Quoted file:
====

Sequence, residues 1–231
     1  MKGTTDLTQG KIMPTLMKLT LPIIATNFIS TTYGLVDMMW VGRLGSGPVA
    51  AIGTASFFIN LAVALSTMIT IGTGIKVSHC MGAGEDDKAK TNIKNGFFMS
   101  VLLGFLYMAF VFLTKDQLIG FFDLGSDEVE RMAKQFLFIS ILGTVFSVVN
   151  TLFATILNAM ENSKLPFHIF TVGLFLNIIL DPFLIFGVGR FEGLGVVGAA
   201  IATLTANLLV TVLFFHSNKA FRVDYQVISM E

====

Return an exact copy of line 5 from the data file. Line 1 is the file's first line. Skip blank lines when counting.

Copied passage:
   151  TLFATILNAM ENSKLPFHIF TVGLFLNIIL DPFLIFGVGR FEGLGVVGAA